Saturday, November 29, 2014

i kissed a girl and i liked it.

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i think i mentioned here before that my first kiss was a girl.  i was seven years old. i didn't particularly like it, i didn't understand how it went back then (i still don't now. lol) but i wasn't disgusted by it either.  i found that i liked kissing, man or woman, it wasn't an issue. i also found it pleasurable when they kissed back.

come to think of it, i learned a lot of things a seven year-old shouldn't be doing.

one Sunday afternoon, many, many Christmasses ago, while our fathers were catching up over a few bottles of beer and a game of chess, we were playing house.  it's hard to imagine who taught her or how she knew what to do.  we were both seven.  i was supposed to play the guy parts when she was the one pulling my shorts down and sticking her tongue in my mouth.  years later, she was the well-adjusted one with the husband and kids while i'm the one who's messed up.  i mean, i think i turned out okay.  i really did.  just not the okay in your old school conservative sense, i guess.

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playing the harmonica is like kissing a lover.  you cannot do it when you're angry.

like Anita (in the movie, because my mother's name is also Anita.  she almost named me Antoinette, remember?), my parents had to wait for me for a while, before i would come in to this world.  it was a story that always came up when they would get angry with me for being so indolent.  unlike Anita though,  i never had any problems being dressed up as a girl.  what i wore didn't matter at that time.  i was a very boyish girl, but i liked wearing dresses (i still do now) and skirts.  i wish i had a lot more.  i grew up wishing for a lot of things i didn't have.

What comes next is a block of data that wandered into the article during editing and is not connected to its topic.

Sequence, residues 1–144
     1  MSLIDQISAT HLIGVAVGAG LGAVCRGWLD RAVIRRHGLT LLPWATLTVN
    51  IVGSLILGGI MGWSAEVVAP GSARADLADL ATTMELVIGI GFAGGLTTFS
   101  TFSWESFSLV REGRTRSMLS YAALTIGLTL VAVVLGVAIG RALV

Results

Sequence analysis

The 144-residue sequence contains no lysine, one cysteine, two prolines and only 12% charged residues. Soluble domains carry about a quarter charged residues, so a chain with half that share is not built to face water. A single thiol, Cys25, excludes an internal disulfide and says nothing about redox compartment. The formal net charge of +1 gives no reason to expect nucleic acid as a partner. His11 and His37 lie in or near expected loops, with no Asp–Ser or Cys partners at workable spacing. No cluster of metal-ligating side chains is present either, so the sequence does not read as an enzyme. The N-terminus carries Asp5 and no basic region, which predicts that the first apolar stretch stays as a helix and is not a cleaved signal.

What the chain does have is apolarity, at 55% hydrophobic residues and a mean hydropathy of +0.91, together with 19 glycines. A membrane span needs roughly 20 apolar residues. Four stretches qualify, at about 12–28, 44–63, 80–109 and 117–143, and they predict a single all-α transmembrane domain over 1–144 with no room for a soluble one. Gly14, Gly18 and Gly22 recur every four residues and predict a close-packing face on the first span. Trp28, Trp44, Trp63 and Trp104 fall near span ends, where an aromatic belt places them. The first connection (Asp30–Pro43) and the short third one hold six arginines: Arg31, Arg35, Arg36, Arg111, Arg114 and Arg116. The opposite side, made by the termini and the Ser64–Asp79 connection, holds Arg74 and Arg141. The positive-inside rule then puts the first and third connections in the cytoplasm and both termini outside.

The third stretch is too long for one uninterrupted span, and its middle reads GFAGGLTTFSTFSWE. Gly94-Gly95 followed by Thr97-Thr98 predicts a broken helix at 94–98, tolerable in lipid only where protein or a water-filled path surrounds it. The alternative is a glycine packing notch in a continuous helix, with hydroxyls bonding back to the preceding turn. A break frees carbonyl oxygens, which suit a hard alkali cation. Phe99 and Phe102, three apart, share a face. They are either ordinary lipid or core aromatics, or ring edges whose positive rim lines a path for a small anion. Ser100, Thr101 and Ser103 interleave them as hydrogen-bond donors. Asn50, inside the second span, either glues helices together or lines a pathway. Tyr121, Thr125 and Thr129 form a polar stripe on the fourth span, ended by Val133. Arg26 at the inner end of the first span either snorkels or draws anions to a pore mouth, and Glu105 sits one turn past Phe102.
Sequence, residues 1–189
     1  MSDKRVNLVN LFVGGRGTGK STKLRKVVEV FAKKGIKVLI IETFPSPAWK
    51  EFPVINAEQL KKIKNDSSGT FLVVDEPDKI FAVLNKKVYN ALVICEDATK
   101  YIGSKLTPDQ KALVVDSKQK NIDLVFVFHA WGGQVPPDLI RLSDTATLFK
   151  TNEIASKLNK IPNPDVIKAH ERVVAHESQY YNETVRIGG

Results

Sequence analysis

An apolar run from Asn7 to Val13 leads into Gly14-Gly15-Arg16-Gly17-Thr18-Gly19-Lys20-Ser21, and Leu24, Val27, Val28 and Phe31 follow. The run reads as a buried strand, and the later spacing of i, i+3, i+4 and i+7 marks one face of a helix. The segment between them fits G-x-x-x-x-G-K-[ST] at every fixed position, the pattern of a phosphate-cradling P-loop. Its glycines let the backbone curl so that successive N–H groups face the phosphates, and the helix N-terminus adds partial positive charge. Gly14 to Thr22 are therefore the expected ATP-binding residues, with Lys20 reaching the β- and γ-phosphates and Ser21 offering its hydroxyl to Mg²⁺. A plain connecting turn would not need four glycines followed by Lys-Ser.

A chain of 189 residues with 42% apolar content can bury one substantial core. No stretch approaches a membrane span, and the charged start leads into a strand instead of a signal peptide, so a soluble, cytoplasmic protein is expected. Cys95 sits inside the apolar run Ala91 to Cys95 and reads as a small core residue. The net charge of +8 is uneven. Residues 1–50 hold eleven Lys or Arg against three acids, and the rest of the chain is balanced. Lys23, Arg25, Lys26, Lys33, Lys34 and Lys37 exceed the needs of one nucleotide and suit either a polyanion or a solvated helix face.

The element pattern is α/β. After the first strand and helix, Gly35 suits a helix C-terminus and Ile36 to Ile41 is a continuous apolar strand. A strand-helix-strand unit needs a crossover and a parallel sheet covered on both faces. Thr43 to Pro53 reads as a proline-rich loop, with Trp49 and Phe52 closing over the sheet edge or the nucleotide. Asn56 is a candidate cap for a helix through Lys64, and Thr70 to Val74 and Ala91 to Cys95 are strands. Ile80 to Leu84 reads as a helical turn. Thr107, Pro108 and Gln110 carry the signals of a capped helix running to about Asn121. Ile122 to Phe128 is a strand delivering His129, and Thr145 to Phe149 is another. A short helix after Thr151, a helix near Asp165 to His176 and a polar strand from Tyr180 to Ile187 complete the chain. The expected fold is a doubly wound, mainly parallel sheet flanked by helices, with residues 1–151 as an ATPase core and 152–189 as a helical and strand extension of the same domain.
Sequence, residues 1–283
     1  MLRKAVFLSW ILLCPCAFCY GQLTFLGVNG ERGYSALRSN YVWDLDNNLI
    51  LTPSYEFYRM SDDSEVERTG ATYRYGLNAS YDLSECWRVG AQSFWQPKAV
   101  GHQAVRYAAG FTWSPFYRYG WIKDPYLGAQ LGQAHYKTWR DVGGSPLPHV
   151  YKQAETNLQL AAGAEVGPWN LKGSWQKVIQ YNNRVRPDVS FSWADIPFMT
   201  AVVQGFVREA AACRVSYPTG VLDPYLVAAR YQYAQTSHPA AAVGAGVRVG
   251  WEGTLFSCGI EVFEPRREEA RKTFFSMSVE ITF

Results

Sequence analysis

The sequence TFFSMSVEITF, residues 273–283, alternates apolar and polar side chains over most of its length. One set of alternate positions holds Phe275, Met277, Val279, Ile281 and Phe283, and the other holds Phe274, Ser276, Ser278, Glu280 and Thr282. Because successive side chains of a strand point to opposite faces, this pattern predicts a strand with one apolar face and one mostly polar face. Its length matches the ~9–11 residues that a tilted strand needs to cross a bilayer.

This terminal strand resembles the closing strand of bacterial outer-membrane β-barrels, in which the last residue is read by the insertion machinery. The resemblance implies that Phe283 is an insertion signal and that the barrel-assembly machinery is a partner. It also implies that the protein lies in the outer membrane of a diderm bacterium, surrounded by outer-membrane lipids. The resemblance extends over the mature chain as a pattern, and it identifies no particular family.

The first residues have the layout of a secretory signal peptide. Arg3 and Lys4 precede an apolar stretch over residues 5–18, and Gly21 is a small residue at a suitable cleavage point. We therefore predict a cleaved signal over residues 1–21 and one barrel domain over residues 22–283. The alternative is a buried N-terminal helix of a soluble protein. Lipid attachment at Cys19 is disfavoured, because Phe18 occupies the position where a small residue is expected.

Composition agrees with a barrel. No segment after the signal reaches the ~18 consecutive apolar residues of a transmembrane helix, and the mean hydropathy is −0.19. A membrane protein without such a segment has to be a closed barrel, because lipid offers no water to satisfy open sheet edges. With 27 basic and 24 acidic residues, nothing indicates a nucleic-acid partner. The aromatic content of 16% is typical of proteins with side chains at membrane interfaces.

anyway, i digress.  i actually didn't want to have my hair cut short but my father always thought that if i had long hair, guys would court me and i'd get married early (look at me NOW, Dad.  HMP.)  in my teens, if i took longer than five minutes on the phone with someone, even if it was for school, he'd cut the hair himself.  i grew up wanting a lot of the traditional girly things not necessarily because i liked them.  i wanted them to have them because everybody else did.  i didn't rejoice in my being different then.  i wanted to belong.

i know, i know.  i had to commit a lot of great mistakes to be this cool.

Ang Huling Cha-Cha ni Anita is wonderful because i sure could've used a movie like this growing up to explain what i felt towards the same and opposite sex.  at least now if kids today saw it, and they felt differently like Anita, they wouldn't be so awkward.  or feel so alone.  lastly, more than anything, in real life, relationships like these don't always end up in happily ever after, so the viewer is able to freely determine the outcome in their head and make believe it did.  i like to believe we live in a world where a lady can decide what she wants to become in life and be respected for it, whether it's a choice she makes in terms of how she looks, how she she lives her life, who she wants to be with,  if she chooses to work or be a housewife, if she will have children or not, if she will marry or not.  she shouldn't be made to feel "abnormal" for making the choices that she feels are good for her.  no one should be allowed to judge her, make her feel sorry  she did what she had to do.  that's the ending of the movie for me.